I also observed the continuous presence of clergy from the Prelacy. Despite the ongoing administrative separation, it warms my heart to see nearly every obstacle removed in local priestly relations. We are now at a point where priests from both jurisdictions have established public relationships of brotherly respect. Liturgical and sacramental activities are shared as our local parishes work together. In this northern Connecticut region, there are three Apostolic churches: one with the Prelacy in New Britain (St. Stephen’s) and two with the Diocese in New Britain (Holy Resurrection) and Hartford (St. George). In the last few years, a cooperative environment has emerged with many joint activities both liturgically and socially. Each church has recently received new priests with Der Voski in Hartford, Der Garabed in New Britain and of course, the newly ordained Der Haroutiun. The Christian love is evident and should make for an exciting future for this area in the coming years. All of this wonderful news was on full display through boundless joy as a priestly ordination was witnessed. Most of the walls built between the two dioceses have slowly been removed except for the jurisdictional boundaries that the local parishes cannot remove. It seems like the church in America has thankfully embraced the needs for Christian fellowship among the parish clergy and laity. This is manifested by not only ceremonial gatherings, such as on April 24, but through the emergence of close friendships among the clergy that have opened spiritual doors. The only areas that remain entrenched are with the Catholicoi who either because of ambivalence or control have not exercised their authority to unite our church in America. It is their responsibility and clear that the eastern US community is ready. We are impatiently awaiting your leadership.
The Armenian church worldwide and particularly in America has been heavily criticized for not adapting to the needs of a diverse diaspora. It is a debate that continues with urgency, but there is some good news that should be equally visible. My hope is that those who offer criticism of the church are motivated by their love of the institution and a sincere desire to see it strengthened. Both the Diocese and the Prelacy have made a concerted effort to increase the quality and quantity of parish priests to serve the community. The Prelacy priests primarily come from the renowned seminary at the Holy See in Antelias. They have always produced highly educated clergy and have been focused on the readiness of these priests to serve in America. Several American-born priests also serve the Prelacy. Diocesan priests either come primarily from the seminary in New York or from Armenia. There are several superb priests from Armenia in the Diocese that have adapted well to the American Armenian community. The work at St. Nersess is particularly exciting. The diocesan bishop is a scholar and teacher who has mentored many of the candidates. The seminary is led by the dynamic and infinitely organized Der Mardiros Chevian, who is also the “stage director” for the ordinations. If you are concerned about the future of the church, you should be excited about the progress in this domain. The church in America has operated several “immersion” programs that bring the youth together to grow their faith and build a Christian Armenian identity. These programs attract hundreds, and generally the seminarians started in those activities. They are immensely successful, and investing in them must increase.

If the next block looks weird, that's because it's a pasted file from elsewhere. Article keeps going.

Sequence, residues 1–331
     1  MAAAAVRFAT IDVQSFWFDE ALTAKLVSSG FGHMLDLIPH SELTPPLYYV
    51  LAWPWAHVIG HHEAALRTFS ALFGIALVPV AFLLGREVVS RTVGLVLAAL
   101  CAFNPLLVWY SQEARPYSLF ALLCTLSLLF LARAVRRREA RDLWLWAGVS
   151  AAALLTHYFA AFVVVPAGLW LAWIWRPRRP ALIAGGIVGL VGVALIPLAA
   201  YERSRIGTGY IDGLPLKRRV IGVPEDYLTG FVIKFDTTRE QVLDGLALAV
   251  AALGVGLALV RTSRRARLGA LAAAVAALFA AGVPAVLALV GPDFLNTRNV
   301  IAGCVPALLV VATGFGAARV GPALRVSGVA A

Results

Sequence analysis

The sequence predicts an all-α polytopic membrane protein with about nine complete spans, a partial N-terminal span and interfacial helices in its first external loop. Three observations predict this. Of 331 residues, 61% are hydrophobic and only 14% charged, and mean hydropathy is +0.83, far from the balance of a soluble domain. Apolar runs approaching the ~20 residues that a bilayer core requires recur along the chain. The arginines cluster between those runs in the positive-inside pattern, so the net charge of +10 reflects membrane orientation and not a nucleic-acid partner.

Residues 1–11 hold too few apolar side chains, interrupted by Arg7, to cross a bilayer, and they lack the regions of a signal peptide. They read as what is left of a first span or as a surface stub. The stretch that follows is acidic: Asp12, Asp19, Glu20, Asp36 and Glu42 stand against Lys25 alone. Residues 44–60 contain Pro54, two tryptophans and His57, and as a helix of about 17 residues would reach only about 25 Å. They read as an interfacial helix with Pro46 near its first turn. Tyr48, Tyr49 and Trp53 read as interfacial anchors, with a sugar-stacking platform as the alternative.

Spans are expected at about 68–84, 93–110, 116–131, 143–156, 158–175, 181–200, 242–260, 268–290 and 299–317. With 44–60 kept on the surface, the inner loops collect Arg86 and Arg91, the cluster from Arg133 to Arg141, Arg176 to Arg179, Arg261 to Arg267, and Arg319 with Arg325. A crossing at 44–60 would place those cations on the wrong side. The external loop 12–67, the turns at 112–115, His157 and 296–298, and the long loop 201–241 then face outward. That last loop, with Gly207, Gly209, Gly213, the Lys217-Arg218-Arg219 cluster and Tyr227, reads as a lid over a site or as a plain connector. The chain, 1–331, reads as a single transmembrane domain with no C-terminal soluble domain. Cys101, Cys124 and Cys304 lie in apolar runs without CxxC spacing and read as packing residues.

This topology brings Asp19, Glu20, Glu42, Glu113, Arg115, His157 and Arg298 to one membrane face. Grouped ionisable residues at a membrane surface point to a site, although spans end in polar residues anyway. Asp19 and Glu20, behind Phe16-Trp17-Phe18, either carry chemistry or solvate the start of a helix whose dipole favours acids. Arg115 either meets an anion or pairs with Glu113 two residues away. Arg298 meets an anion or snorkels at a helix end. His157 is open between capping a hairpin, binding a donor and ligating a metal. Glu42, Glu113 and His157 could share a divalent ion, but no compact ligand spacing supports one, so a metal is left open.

As I stood in the sanctuary at the Holy Resurrection parish in New Britain, the chancel and altar were filled with clergy who are St. Nersess alumni, recently ordained priests and future candidates serving as deacons. It was a remarkably inspiring sight and reflects an area where the church has made substantial strides. The service was long and for some physically trying, but the feeling of spiritual fulfillment eliminated any fatigue. An ordination brings only supreme bliss. The experience at this ordination for the community and all those attending was the essence of what we seek from our church. Too often, we have a feeling of obligation when we go to church. You often hear, “I don’t get anything out of it.” Perhaps that’s the problem. We should go to church because we want to praise and thank our Lord by participating in the Eucharist. By giving, we receive. When we open our hearts, we learn how to receive joy by giving praise. All of this was present at the ordination of Der Haroutiun. I had the feeling that a great number of people left that church a bit changed in their perspective on life. This is what our beloved church can offer everyone.
In the long history of the Armenian church, generations of faithful candidates have joined the ranks of the clergy. It’s 2021 in America, but the ancient tradition remains the same. A young man received a call from God. He answered that call, was found worthy and was ordained with the ancient prayers of our church. He was anointed with holy muron that unites us with St. Gregory and now begins his karasoonk (40 days of seclusion and prayer). Our church lives because of our faith. This is such wonderful news that a new priest is among us.